We set off for La Conner yesterday just after noon. Heading from our slip into Lake Washington I decided to keep us at a very gentle 7 knots all the way until the Montlake Cut where we’d, essentially, have to remain at a no-wake speed (which for us is 5-6 knots) until we reached the locks. Going slow gave us time to prepare our cabin for our first multi-night cruise into the San Juan Islands.
We reached the locks on schedule and had only a slight delay until the small lock cleared. This gave us a chance to engage Skyhook which uses GPS and the two independently controlled I/O drives to keep the LAIKA in place. Since our boat was named after our dog, Laika, I like to call this feature “Sit, Stay.” It’s a virtual anchor and it works beautifully, with an accuracy of about 9 feet in any direction (which also means it shouldn’t be engaged closed to a stationary object, like a dock).
Once we turned North past Shilshoe Marina we kicked the engines into high gear and reached plane pretty quickly. For us that means we’re running about 3800 rpm and burning 24 gph. But, we’re moving fast – approximately 25 knots. Small, high frequency waves pass gently under our hull.
We changed our VHF radio from 16 to the weather channel to get a forcast of wind and wave activity. Reports suggested no small craft advisories. Our route to La Conner took us past Everett into Possession Sound, left past Gedney Island and around the West side of Camino (the only way), then unto Skagit Bay. You can view our approximate course through Google Earth with this file.
Most of the way we met relatively smooth water and the LAIKA skimmed beautifully toward our destination. For the first time, we activated the Garmin 740s’ ability to send turn-by-turn navigation sentences (directions) to our boat’s Axius and Vessel View system – essentially delivering an auto-pilot capability. While we had utilized an auto-heading feature many times, this was the first time we’d have the chartplotter’s course directing the boat.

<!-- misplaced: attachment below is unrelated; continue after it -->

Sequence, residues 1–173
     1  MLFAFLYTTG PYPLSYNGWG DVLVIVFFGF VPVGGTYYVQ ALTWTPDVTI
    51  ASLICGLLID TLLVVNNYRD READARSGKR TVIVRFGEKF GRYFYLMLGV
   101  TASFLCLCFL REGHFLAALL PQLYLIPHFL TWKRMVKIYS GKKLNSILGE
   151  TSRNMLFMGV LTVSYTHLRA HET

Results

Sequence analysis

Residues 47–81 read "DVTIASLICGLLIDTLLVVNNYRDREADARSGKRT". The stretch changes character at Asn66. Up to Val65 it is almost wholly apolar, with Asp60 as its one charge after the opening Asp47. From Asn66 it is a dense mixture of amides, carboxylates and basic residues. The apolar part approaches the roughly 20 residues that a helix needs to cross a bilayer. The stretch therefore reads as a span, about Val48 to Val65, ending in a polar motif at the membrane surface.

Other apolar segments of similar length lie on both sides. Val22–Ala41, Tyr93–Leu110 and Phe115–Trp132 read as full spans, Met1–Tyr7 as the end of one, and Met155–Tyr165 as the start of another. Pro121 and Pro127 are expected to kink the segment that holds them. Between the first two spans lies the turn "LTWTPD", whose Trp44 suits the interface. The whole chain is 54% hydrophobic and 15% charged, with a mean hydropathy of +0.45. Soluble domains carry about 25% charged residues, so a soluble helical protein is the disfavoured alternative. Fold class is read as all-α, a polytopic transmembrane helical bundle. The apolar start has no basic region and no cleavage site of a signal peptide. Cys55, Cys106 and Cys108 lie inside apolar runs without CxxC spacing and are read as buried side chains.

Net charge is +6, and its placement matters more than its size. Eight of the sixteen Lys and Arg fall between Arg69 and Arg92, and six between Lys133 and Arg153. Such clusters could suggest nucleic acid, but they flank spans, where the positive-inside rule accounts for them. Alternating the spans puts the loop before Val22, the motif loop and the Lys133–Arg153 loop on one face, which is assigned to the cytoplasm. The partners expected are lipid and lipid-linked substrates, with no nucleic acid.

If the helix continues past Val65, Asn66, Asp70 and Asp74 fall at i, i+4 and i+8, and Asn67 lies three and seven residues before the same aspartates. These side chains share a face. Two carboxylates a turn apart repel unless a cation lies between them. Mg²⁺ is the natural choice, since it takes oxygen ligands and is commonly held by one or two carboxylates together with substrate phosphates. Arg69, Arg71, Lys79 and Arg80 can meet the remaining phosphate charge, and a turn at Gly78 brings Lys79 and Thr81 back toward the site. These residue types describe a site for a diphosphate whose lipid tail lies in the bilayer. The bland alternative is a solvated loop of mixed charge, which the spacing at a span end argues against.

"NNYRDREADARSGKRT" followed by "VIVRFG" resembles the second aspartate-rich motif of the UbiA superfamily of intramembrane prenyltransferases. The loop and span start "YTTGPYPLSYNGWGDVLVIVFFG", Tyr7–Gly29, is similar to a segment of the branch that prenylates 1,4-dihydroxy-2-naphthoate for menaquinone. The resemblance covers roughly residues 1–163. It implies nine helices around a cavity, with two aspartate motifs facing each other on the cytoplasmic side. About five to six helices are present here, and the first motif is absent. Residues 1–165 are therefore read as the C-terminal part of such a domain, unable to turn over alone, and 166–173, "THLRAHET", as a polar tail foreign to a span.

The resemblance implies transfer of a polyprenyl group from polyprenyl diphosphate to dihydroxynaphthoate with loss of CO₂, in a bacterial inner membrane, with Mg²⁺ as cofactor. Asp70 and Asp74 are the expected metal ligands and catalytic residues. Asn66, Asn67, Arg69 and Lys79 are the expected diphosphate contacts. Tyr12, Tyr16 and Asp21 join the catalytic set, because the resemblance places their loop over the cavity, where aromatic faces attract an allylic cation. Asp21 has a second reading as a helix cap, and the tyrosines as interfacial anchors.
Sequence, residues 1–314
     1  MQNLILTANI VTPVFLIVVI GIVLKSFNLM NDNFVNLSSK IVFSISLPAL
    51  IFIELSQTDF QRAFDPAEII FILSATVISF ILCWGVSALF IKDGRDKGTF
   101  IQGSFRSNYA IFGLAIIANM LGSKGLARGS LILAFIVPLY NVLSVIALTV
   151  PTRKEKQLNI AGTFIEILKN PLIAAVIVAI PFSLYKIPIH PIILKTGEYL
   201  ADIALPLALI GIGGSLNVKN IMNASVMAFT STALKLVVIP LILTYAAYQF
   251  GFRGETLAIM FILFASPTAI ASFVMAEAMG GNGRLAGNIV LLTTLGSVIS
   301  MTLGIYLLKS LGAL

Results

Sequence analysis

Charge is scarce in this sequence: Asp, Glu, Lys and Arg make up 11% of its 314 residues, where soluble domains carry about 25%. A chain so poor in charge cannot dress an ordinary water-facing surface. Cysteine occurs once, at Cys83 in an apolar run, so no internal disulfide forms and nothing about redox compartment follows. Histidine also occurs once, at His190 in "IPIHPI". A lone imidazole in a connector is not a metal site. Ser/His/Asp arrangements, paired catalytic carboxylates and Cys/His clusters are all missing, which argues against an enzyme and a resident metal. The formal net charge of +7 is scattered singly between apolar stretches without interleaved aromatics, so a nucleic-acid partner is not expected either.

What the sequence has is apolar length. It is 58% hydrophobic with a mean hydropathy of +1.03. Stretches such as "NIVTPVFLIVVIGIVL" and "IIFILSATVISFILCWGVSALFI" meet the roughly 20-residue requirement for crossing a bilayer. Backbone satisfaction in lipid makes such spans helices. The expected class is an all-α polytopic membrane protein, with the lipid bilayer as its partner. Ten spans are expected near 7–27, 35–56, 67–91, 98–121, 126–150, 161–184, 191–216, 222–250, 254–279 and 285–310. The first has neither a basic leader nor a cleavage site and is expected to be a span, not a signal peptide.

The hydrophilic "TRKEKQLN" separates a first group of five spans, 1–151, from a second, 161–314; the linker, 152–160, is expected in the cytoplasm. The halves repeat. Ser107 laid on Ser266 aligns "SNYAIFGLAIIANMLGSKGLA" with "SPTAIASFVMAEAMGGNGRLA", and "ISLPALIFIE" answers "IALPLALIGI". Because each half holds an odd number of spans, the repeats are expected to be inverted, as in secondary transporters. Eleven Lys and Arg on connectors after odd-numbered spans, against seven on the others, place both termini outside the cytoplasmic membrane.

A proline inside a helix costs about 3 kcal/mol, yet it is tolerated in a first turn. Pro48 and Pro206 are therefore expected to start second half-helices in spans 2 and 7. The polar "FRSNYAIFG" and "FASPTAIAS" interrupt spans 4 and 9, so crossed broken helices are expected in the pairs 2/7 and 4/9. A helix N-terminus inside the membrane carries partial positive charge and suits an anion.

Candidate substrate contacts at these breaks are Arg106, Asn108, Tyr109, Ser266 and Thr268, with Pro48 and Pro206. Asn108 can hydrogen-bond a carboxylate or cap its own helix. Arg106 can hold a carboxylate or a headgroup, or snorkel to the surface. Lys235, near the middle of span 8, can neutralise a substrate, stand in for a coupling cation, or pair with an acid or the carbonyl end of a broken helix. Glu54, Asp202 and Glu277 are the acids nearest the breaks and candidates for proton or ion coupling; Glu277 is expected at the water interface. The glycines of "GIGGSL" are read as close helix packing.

For safety reasons the Axius will request acknowledgement before any new turn is executed when a waypoint is reached. The first time we said “ok” we were surprised by a semi-aggressive, Miami-Vice-like turn that had us going “hold on!” After all, we were traveling at 25 knots. We discovered two things. The first is that the Axius will break down sharp turns into a series of smaller turns. After a few of these we became quite comfortable with how it was executing its turns. The second thing we learned was that it was important to very accurately chart our course and avoid dramatic directional changes.
We arrived at the Western head of the Swinomish Channel and started paying extra attention to our position and the charts. According to our boating insurance agent, this area is known as the million dollar mile because of its very shallow and narrow area and two long reefs that jut out from the shore all the way to the markers sitting almost 2nm into the Bay. Boating in a hurry will take shortcuts and, invariably, end up requiring Vessel Assist after a grounding. We were determined not be a statistic!